What do patients want from online access to their primary care record? A qualitative investigation into patients’ reported needs and expectations regarding online access.
- Principal Investigator: Brian McMillan
- 1 January 2019 to 31 December 2019
- Project No: 429
- Funding round: FR17
The government wants more people to be able to use their GP health record securely online to access primary care, and GP surgeries are now making this possible.
Research shows benefits for people doing this. For example, they feel more in control and more able to communicate with healthcare staff. The down sides include some professionals not being keen on the idea, people worrying how safe this is, or not always understanding what is in their record.
Research has mainly looked at the pros and cons of letting people look at their records, or on how they look at their record. Few studies have asked people what they actually want.
More research is needed to find out how to design patient records to guide people towards staying healthy or cope with health problems. To get the most out of people being able to see their health record online, we need to understand more about what people want and what support they might need.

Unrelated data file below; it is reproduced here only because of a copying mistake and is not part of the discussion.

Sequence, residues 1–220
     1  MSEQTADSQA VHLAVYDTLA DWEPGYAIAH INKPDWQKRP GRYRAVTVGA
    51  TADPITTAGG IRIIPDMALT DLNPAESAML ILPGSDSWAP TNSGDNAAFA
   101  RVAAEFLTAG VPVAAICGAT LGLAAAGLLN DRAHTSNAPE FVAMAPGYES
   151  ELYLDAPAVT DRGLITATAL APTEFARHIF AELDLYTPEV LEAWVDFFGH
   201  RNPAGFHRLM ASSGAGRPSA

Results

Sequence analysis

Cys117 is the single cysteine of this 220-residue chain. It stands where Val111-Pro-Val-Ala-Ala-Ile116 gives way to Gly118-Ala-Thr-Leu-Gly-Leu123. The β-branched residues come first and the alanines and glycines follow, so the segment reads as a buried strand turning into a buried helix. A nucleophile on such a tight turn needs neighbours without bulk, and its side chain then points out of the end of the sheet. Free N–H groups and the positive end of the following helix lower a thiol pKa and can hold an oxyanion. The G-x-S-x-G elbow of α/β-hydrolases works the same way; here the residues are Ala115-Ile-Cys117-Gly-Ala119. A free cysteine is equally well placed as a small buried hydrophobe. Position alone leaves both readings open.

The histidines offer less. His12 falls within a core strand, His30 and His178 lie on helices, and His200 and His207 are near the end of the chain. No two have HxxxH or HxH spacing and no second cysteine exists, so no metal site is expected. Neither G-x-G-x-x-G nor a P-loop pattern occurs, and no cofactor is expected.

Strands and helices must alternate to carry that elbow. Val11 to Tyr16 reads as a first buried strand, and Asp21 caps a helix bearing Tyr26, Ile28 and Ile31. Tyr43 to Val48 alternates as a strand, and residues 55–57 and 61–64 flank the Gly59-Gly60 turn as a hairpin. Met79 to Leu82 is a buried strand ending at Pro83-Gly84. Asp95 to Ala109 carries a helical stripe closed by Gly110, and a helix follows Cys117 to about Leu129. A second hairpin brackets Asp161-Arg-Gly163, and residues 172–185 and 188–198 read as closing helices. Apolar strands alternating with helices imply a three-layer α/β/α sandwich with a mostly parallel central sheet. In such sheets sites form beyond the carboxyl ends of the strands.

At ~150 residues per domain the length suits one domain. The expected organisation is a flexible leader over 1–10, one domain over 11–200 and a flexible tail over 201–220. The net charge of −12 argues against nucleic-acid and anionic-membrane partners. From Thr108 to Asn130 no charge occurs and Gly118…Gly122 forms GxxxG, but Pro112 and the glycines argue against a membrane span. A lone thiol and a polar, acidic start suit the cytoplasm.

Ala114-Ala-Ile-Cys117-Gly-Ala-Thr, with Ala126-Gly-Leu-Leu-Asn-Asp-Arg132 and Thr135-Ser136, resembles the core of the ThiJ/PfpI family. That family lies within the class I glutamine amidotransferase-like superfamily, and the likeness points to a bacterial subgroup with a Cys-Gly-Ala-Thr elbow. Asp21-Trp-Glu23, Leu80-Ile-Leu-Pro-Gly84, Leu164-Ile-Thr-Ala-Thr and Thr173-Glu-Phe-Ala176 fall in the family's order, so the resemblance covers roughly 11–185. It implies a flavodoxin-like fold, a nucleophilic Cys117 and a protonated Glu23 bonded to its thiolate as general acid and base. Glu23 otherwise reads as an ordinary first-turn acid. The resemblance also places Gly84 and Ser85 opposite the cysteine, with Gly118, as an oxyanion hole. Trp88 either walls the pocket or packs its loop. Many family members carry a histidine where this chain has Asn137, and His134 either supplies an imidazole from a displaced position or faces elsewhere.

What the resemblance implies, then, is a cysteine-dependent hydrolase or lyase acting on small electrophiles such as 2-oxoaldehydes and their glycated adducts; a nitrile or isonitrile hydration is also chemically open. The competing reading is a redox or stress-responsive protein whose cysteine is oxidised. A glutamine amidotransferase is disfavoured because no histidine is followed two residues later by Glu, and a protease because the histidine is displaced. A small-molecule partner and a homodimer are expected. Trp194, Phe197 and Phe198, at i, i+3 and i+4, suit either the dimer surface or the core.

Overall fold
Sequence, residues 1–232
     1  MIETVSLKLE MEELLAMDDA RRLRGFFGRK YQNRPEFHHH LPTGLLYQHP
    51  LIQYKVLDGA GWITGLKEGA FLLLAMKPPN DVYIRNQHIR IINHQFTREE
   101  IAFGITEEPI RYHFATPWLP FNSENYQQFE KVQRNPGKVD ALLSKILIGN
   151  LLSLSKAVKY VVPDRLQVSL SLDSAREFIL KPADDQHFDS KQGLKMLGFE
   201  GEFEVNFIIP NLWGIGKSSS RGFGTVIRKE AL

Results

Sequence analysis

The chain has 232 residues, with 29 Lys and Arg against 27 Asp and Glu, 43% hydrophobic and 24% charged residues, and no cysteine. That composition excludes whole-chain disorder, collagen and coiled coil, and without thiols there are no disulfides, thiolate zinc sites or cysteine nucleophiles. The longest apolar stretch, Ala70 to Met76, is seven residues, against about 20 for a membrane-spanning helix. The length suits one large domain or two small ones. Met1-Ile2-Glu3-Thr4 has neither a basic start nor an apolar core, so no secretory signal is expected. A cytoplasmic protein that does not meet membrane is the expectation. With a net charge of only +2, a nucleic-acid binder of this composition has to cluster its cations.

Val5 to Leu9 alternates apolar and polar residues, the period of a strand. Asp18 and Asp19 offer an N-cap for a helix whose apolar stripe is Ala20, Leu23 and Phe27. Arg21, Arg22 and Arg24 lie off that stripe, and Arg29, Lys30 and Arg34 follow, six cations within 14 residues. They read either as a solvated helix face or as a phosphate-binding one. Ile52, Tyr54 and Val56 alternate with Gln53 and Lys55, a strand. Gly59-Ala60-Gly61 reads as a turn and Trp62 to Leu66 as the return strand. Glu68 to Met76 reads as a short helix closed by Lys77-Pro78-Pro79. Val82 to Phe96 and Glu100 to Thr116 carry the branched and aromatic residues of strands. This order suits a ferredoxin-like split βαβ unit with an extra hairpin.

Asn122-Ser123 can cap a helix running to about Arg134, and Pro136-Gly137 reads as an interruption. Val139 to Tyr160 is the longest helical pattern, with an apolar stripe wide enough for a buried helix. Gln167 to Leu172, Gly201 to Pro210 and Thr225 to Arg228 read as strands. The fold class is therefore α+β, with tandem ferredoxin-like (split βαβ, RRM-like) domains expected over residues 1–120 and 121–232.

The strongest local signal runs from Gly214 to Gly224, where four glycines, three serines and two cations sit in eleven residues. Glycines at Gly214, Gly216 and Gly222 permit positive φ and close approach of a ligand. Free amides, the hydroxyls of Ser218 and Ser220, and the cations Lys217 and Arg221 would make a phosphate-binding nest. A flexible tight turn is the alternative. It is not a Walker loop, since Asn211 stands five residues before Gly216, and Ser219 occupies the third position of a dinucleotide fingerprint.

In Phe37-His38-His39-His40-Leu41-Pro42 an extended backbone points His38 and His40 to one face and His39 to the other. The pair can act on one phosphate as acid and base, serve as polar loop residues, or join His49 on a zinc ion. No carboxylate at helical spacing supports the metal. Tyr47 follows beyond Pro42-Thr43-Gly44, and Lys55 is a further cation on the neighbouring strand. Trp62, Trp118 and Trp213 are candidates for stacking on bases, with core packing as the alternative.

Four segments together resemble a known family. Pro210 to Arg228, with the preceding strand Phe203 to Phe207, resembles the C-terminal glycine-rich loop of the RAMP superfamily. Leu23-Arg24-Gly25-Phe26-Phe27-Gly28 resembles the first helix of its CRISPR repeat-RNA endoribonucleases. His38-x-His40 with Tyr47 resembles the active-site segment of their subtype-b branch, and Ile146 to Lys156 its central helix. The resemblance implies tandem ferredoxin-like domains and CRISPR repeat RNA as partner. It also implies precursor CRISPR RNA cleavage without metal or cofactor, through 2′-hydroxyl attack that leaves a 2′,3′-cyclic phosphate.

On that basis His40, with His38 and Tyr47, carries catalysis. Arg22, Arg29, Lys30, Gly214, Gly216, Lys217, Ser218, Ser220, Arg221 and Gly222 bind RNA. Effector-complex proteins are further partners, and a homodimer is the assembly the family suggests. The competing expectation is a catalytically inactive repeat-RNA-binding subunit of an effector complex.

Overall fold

This study aims to find out more about what people want from using their primary care record online, what they would like to be able to do with this, and what help they might need.
We will interview patients and have group discussions to find out more about what people think about, and want from, access to their health record online. We will focus specifically on two groups: people who may develop health problems in the future, and people with more than one long term health condition. We will involve patients and the public at all stages of the research.
Our findings will help us design a larger set of studies, work with companies that make records available online, and eventually help design better online records so that people can benefit and lead healthier lives.
Amount awarded: £59 998